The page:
When combining libraries and bookstores with cafes became a trend in big cities several years ago, many were optimistic the craze would instill a passion for reading in the country. "More and more people, especially youngsters, go to book cafes for social reasons instead of intellectual ones. They want to be recognized as sociable and intelligent," said Ninis Agustini, a lecturer from the School of Library and Information Science at Padjadjaran University, Bandung, West Java.
Here's the argument: contemporary mainstream fiction is very different from the storytelling of the deep past because of a demand side shift. Women consume most fiction today, and their tastes differ, on average, from those of men. How do they differ? To be short about it men are into plot, while women are into character. This means that modern literary fiction emphasizes psychological complexity, subtly and finesse.
The 19th and early 20th centuries saw an outpouring of illuminating English-language books about China by Western travelers. Most tales have been forgotten. Now many are back in print, writes Yao Minji.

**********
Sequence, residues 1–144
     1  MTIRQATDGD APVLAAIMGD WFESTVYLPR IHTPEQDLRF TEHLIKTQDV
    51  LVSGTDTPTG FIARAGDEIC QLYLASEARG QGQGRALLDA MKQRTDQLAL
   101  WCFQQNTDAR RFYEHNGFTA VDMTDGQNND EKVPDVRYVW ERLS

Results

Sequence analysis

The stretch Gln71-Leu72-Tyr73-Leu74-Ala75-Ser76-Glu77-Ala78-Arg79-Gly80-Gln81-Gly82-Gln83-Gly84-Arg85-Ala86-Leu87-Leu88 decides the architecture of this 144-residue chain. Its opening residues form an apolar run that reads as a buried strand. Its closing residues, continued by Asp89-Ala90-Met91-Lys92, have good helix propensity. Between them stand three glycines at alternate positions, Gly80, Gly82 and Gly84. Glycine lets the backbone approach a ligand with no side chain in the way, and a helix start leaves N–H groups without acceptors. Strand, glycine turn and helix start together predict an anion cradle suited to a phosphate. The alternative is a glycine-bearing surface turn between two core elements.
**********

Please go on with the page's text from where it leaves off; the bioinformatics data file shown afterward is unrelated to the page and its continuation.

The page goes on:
A republished series of old English-language books about China gives readers a window on how Chinese and foreigners got on in earlier days, especially during the mid- to late 19th and early 20th centuries. Most are by Westerners, a few by Chinese.
I think that we all agree that, 9.9 times out of 10, whenever someone makes a movie based on a book, the book is better.
Entertainment Weekly has a decent list of the 23 most disappointing book to movie adaptations. Included are some real gems like The Golden Compass and (shudder) A Sound of Thunder. Whether you agree the movie was good or bad, I think most all of us will agree that the book was most definitely better.
On Fresh Air an interview with the author of "Final Salute".
Never leave a Marine behind. The tradition began in 1775, and continues today via officers like Marine Colonel Steve Beck, whose job it is to notify the families of the loss of a loved one in Iraq.
Beck's mission, called "casualty notification," is one for which he received no training. It begins with a knock at the door, and continues through the funeral and beyond. It involves standing watch over the caskets of the fallen, comforting those left behind and, at times, choking down his own tears.
In Monday's Shelf Awareness, we were offered several options for this unfortunate but frequent predicament via the San Francisco Chronicle: "Commit your passport number to memory . . . Try to figure out what all the fuss is about Sudoku. . . . Concoct an elaborate revenge fantasy about the guy two rows ahead of you . . . the Skymall catalog, of course. . . .